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How To Handle Substance Abuse In Your Workplace


Safety is absolutely everyone’s responsibility. Every employee is tasked with looking out for themselves and their coworkers, and supervisors and managers are responsible for sometimes hundreds of employees’ safety. It really is a team effort.


Coming into work prepared for a safe day means showing up mentally and physically sound. Staying safe and responsible on the job means looking out for those around you and reporting potentially hazardous situations. Leading a safe team means being aware and taking the appropriate actions when necessary.


Angela Diver, Executive Director of Reach EAP, has worked in employee assistance programs since 2004, so she’s had tons of experience with substance abuse and mental health issues in the workplace. You or your employees may have noticed some of these issues on the job but weren’t sure how to handle it. Angela’s got a few tips for that.


How to Identify Mental or Substance Issues

Confronting an employee or coworker about an issue with drugs, alcohol, or mental illness can be a difficult situation. It’s like walking on eggshells. Angela explains that the first step is careful observation.


“The most important thing I think is that—for someone who could have an alcohol or drug problem on the job—you’re looking for a pattern of behavior,” she said.


Some behaviors are easily spotted and associated with these problems: the smell of alcohol, slurred speech, stumbling, or nodding off on the job. These can be especially noticeable in employees who have otherwise been great team members in the past. It’s important to remember, however, that you’re looking for a pattern of behaviors and not just a one-time bad day.


Another tip from Angela is to use a reasonable suspicion checklist. Create a list of abnormal behaviors to look out for with some helpful guidelines. Without knowing the employees personally, it can be tough to identify what’s out of the norm.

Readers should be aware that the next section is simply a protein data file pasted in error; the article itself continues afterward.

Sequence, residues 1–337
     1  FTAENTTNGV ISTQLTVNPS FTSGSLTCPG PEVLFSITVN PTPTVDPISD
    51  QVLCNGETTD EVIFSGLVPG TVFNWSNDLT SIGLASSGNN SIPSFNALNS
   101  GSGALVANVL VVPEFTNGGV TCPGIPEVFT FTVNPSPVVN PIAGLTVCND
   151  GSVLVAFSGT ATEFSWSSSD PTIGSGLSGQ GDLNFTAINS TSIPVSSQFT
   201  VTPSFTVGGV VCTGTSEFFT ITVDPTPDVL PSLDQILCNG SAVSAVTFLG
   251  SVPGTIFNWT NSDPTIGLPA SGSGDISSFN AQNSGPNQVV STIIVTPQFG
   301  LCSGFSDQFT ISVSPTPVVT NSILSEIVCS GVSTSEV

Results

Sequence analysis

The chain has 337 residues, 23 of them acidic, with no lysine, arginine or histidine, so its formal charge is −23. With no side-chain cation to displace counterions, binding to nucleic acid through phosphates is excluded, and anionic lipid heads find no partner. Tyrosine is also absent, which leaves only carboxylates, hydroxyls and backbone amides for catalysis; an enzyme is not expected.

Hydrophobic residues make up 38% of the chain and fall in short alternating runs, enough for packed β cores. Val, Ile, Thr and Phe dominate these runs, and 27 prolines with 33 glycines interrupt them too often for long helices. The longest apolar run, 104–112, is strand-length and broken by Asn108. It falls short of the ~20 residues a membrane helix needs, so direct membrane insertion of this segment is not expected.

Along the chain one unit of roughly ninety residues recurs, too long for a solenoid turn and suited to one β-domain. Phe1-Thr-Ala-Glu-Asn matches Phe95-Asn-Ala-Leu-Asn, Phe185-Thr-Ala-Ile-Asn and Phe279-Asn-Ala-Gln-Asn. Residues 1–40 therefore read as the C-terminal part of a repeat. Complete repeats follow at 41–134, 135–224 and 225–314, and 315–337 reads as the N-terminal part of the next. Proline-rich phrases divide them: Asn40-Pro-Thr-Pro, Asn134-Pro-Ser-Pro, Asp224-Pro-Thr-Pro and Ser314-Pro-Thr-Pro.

How to Address Known Issues

So after you or your employees have noticed a pattern of unusual behavior and have gone through a reasonable suspicion checklist, how do you address the issue?


Employees should feel assured that their reporting is completely confidential. They should also know that they can report this kind of behavior to supervisors without fear of retribution, even if their suspicions turn out to be wrong. A good leader would rather err on the side of safety, so all concerns should be brought forward.


If a coworker appears to be intoxicated or unstable on the job, employees shouldn’t feel helpless. “You have the right to refuse to work with somebody who you think could be under the influence,” said Angela.


According to Angela, “The best workplaces are the ones that say, ‘if you have a drug or alcohol problem, we encourage you to get help first before it becomes an issue here in the workplace.’” Support from supervisors and management can be a huge help for employees who are struggling. The point isn’t to punish the people who are causing hazards in the workplace; it’s to eliminate hazards and to help employees.


Key Takeaways

  • Substance abuse, whether legal or illegal, has no place in the workplace. Employees with a problem are entitled to help.
  • All employees are entitled to safety. By working under the influence, you endanger yourself and everyone around you.
  • Supervisors should encourage all employees to speak up if they witness a problem in the workplace. These communications can be kept confidential.
  • EAPs and their employees, like Angela, are there to help. Using resources like this can help you to maintain a safer, healthier workforce.


10 Short Lessons On Dealing With Drug And Alcohol Abuse For Employees


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